Time flies when you’re having fun, they say. I’ve found that it flies whether you are having fun or not. Seems like just yesterday New Orleans was getting hammered by Hurricane Katrina, and FEMA, the Federal Emergency Management Agency, under Director Michael “Brownie” Brown, was doing a colossally bad job of handling the aftermath.
As you may recall, before being named to head FEMA Brownie was the troubled commissioner of an Arabian horse organization. So how did he get to be director of FEMA? It’s kind of a funny story, really. Brownie’s old college roommate, Joe Allbaugh, was Bush’s campaign manager in 2000. When Bush was appointed president, he appointed Allbaugh to head FEMA. I guess Bush didn’t realize that usually when a president wants to reward an old friend he makes them ambassador to some country with nice weather, not put them in charge of FEMA.
Allbaugh hired his college buddy, Brownie, as his legal counsel. Two years later, when Allbaugh left FEMA, Brownie was named director. From commissioner of a horse association to director of the federal agency tasked with dealing with national disasters in two easy steps. America, what a country!
In spite of President Bush’s expressed confidence in him during the Katrina cleanup (“You’re doing a heck of a job, Brownie” he said) Brown was canned. The evidence that he was doing a miserable job was overwhelming. But he was retained on the payroll ($148,000 per year) for a couple months to offer his insights as to what went wrong. Sort of a little “thank-you” I guess.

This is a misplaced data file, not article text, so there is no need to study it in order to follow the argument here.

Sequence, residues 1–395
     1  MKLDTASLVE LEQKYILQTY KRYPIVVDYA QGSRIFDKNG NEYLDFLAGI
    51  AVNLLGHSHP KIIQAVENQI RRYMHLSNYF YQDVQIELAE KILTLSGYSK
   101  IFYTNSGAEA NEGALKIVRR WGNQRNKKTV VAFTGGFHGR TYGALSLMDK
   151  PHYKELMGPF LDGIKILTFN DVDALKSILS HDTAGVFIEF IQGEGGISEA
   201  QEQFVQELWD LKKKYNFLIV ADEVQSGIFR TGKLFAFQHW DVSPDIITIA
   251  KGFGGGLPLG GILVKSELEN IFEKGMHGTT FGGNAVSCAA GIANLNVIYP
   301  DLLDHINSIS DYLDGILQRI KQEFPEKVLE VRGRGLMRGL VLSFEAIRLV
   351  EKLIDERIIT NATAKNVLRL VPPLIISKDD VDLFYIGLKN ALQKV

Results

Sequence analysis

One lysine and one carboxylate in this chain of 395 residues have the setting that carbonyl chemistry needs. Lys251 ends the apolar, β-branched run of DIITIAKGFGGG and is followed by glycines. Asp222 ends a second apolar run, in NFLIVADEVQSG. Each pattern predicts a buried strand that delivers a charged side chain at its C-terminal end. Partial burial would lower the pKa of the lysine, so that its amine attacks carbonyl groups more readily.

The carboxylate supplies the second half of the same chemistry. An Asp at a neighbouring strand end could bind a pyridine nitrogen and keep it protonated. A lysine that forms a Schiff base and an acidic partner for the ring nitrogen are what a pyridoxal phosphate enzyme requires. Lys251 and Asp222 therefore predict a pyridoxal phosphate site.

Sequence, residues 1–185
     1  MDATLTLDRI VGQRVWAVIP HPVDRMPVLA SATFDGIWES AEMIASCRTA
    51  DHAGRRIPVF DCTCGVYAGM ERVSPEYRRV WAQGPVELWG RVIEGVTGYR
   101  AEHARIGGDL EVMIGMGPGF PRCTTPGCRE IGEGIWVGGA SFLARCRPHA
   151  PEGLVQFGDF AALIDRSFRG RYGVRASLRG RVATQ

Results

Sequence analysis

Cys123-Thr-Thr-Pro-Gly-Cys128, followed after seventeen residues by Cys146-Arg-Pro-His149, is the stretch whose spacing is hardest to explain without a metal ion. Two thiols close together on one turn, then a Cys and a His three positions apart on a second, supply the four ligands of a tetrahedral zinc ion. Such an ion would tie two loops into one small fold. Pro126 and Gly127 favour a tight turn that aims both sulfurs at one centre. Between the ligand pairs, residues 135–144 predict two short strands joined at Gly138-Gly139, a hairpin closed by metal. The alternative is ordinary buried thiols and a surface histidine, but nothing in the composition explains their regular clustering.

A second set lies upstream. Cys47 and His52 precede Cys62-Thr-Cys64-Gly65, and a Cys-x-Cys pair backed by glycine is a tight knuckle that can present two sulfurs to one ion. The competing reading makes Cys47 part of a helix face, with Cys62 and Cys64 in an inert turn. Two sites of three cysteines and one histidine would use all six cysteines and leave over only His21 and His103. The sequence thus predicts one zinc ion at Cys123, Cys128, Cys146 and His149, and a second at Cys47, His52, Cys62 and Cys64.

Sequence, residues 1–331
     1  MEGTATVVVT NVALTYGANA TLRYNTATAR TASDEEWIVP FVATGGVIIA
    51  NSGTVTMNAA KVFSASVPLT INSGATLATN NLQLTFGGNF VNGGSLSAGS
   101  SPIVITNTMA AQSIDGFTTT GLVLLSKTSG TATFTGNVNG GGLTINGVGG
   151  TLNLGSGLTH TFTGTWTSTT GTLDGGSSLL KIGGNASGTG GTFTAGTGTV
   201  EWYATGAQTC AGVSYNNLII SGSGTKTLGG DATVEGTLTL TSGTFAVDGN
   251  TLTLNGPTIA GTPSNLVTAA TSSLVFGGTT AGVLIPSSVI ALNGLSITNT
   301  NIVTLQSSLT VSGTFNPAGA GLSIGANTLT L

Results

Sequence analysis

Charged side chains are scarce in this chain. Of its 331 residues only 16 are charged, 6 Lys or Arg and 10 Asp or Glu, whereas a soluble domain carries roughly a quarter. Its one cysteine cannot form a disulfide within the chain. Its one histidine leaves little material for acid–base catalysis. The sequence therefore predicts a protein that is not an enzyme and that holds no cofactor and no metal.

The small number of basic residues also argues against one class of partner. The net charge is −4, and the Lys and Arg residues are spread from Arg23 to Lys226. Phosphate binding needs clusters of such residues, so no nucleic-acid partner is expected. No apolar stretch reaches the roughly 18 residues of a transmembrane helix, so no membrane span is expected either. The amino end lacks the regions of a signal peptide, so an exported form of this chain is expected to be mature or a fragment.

Brownie was a failure as the head of FEMA, but according to news reports he is now planning on returning to Colorado, where he lived during his days as horse association commissioner, and starting an emergency preparedness consulting business. He plans to offer his advice to officials who might find themselves in a position similar to the one he faced post-Katrina. According to one news report, “Brown said officials need to be able to answer questions about a disaster to avoid appearing to not know how serious a situation is.” A national disaster is one thing, but appearing incompetent is a tragedy that should be avoided at all costs.
Considering the qualifications he had to be appointed as director of FEMA, I guess I can see how he might think a couple months explaining how he screwed up the Katrina response so badly might make him qualified to give advice to others. I recall seeing a little of the grilling a Congressional committee gave him post-Katrina. I guess Brownie is the kind of guy that would consider that another good learning experience, not to mention a nice addition to his résumé.
It was George Bush himself (or, more likely, one of his speech writers) who coined the phrase “soft bigotry of low expectations.” He first used it in his 2000 presidential campaign, usually before black audiences. He was telling them that they were being held back because others didn’t expect much of them. Brownie is a fine example that, in the Bush administration anyway, low expectations need not be a hindrance to a lucrative career. In fact it might be a big plus.
Perhaps that is what Bush was thinking when he nominated Harriet Meyers to the Supreme Court. He just doesn’t seem to understand in the real world, qualifications matter.
But it is understandable why he might be confused on this matter. Remember the presidential debates, against both Gore and Kerry? Both opponents ran circles around him, but Bush “won” because he didn’t do as badly as everyone expected him to do. He won the presidential election in 2004 with the lowest margin of any incumbent before him—and afterwards crowed about his “mandate.” Maybe he didn’t expect he would do even that good. (I know I didn’t!)
It has been said of George Bush that he was born on third base, but thinks he hit a triple. I wonder how many on his team feel the same way.